My name is Hollis Morgan, and I’ve visited Dru Ann before.
The last time she heard from me I was trying to get my act together as a senior attorney with a focus on probate law. In theory, probate should be a pretty tame legal area, but I guess not the way I practice it. It would appear that I haven’t gotten the hang of how to avoid dangerous situations and murder cases.
For example, today I wake up ready to go to work at this great law firm in Oakland, California. It’s small, and the oldest firm in the East Bay. It took a chance and hired me when I was on parole, and I’ve been loyal to it ever since.
John Faber, my live-in “live-in”, is packing to go on an undercover mission with his fellow agents from Homeland Security. He loves his new job, and I love him too much to let him see me worry. So, I don’t. This time, he leaves me with a check-in system of throw-away cell phones to let me know he’s okay— without the bad guys tracking him.
I send him off with a kiss, but I’ve got a bad feeling about this assignment.
At the office, my secretary greets me with the file for a new client. I take it happily. It’s still hard for me to realize that just eight years ago I was serving time in a state prison for insurance fraud, a setup by my guilty ex-husband. Even though it was a crime I didn’t commit, I couldn’t prove it. Eventually, I got out early for good behavior, and received a judicial pardon which allowed me to finish law school and take the California Bar.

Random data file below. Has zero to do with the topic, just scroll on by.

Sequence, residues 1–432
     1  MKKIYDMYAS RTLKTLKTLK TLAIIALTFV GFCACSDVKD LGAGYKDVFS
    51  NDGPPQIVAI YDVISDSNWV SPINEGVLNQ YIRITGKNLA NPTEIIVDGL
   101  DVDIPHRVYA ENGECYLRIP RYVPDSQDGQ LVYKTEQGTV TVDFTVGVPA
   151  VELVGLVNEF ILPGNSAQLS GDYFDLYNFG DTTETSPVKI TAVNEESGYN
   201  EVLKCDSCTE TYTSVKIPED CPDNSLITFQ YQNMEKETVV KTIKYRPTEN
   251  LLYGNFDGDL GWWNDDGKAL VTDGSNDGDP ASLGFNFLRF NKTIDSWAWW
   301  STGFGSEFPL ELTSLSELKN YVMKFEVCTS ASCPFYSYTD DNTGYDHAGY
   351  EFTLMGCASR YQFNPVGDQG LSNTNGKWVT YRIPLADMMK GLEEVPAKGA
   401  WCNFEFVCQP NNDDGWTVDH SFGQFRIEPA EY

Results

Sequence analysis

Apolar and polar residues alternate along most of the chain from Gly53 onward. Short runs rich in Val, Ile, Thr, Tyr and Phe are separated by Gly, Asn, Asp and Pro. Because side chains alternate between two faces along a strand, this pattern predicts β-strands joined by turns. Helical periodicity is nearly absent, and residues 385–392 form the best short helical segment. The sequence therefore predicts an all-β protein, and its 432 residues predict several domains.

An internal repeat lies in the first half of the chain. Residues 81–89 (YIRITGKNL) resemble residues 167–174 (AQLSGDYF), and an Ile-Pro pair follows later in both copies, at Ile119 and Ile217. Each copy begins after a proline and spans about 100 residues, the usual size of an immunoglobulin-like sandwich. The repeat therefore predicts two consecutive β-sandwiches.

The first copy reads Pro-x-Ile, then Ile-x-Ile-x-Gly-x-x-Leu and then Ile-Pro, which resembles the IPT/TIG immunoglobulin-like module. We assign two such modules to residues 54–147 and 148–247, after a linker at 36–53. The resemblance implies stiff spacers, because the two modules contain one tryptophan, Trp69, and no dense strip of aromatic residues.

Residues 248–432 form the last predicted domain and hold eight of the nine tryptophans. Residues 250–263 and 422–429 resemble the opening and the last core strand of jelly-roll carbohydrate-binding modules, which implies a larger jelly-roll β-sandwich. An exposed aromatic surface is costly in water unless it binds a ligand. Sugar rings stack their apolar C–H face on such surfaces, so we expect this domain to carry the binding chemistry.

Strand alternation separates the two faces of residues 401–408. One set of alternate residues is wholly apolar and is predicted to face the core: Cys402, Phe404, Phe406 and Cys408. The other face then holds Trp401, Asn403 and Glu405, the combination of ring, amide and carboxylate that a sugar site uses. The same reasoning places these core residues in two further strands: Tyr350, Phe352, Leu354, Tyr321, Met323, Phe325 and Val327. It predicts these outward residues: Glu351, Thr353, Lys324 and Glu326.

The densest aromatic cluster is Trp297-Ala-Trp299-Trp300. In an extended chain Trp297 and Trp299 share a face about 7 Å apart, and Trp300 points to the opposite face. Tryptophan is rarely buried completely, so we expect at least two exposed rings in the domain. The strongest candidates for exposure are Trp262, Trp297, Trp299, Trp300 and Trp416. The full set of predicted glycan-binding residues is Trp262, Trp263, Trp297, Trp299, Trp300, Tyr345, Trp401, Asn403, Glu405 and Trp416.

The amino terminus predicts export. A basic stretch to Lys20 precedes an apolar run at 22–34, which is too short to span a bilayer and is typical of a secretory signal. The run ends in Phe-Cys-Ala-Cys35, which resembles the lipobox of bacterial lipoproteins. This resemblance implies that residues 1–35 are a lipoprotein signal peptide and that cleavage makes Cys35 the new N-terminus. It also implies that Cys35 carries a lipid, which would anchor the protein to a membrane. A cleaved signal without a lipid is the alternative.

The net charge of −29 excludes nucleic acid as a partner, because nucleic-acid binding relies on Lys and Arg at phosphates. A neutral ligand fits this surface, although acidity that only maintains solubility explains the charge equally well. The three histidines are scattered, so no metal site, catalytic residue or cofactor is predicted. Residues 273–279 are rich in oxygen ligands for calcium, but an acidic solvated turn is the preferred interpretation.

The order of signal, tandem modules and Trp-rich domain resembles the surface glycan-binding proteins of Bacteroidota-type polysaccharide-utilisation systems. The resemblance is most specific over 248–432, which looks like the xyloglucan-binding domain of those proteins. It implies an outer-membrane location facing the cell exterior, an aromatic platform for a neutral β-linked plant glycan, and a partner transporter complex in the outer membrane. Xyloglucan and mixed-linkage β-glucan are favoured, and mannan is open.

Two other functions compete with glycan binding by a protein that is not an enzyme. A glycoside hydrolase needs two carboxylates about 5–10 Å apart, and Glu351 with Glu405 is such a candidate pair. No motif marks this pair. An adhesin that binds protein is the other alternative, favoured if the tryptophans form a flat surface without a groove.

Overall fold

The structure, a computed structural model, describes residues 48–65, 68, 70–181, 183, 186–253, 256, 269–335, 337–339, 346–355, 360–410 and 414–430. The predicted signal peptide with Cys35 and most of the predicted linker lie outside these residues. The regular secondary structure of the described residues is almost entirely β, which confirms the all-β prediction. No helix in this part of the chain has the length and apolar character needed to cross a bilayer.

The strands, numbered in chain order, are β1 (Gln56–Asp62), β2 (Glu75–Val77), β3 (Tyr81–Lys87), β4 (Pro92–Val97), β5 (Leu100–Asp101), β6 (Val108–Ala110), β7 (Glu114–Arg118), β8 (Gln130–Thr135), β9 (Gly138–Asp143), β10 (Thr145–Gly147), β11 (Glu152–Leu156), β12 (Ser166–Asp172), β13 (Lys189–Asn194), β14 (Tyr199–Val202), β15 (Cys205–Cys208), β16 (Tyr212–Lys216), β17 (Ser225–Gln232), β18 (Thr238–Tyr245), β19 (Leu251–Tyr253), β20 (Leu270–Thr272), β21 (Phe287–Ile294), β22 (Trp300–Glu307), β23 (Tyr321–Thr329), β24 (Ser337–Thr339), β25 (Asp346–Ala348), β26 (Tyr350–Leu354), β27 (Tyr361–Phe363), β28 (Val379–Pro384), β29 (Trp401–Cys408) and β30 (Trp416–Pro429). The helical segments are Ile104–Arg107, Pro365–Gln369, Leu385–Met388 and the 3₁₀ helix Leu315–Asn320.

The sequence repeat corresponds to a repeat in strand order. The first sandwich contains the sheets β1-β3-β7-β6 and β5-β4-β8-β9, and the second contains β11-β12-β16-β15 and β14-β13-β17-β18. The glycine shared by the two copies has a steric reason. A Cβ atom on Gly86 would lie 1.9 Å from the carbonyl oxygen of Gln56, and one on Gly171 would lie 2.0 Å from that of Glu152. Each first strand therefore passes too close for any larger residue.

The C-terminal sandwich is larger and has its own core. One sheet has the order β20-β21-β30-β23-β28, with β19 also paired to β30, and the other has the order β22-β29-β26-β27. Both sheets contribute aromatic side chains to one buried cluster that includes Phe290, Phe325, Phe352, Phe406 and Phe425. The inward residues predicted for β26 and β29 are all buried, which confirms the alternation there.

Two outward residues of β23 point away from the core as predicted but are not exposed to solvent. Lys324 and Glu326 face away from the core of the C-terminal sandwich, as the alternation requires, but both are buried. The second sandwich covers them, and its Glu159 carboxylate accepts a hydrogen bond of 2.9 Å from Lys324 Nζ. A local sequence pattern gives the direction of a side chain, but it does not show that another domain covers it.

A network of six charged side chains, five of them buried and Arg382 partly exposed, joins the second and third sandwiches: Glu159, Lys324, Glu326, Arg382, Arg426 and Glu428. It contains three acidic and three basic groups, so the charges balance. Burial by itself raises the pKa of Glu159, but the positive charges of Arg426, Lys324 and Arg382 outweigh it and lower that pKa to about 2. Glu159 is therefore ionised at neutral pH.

From then to now, I relied on my friends from the Fallen Angles Book Club. Membership requirements are simple: white collar ex-felons who love to read. We are definitely a niche group. The club has come through for me many times, and I like to think that I’ve helped one or two members—particularly when we were suspects in a murder.
That’s why I love the law.
Take my latest case. I never liked Mattias Bell. He was mean, cheap, narrow-minded and filthy rich. He was also my client. When he died, he made me executor of his estate and gave me a strange directive, one I never would have thought came from him. I found it telling that his staff had little liking for him, and his closest relatives didn’t want to change their vacation plans to attend his funeral. The other beneficiaries of Bell’s estate seemed unusually satisfied, almost joyous about his death. And, while I don’t want to question their reactions, something is not right and I’m going to find out what.
It’s not even lunchtime and my assistant brings in a message from another client, Kiki Turner. If she sounds like a strip dancer, it’s because she is, or was, before she married the twenty-third richest man in California. Kiki wants her rights explained. Mr. Turner has died and she is sole beneficiary of his estate. She wants to formalize her own estate and give all her money to her granddaughter, skipping her daughter and her controlling son-in-law. It’s pretty straightforward but Kiki isn’t telling the whole truth and lies on both sides are flying fast and furious.